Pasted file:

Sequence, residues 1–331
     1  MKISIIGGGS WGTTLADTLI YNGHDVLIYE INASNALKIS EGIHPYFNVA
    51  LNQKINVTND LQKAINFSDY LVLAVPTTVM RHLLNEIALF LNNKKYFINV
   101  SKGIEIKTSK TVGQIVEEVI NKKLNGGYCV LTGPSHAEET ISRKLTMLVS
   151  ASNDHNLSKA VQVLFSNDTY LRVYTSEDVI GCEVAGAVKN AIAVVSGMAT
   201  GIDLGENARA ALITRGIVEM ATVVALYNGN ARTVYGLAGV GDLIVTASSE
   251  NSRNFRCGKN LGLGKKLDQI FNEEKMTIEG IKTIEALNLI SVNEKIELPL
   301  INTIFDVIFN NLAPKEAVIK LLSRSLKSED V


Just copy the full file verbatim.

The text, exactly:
Sequence, residues 1–331
     1  MKISIIGGGS WGTTLADTLI YNGHDVLIYE INASNALKIS EGIHPYFNVA
    51  LNQKINVTND LQKAINFSDY LVLAVPTTVM RHLLNEIALF LNNKKYFINV
   101  SKGIEIKTSK TVGQIVEEVI NKKLNGGYCV LTGPSHAEET ISRKLTMLVS
   151  ASNDHNLSKA VQVLFSNDTY LRVYTSEDVI GCEVAGAVKN AIAVVSGMAT
   201  GIDLGENARA ALITRGIVEM ATVVALYNGN ARTVYGLAGV GDLIVTASSE
   251  NSRNFRCGKN LGLGKKLDQI FNEEKMTIEG IKTIEALNLI SVNEKIELPL
   301  INTIFDVIFN NLAPKEAVIK LLSRSLKSED V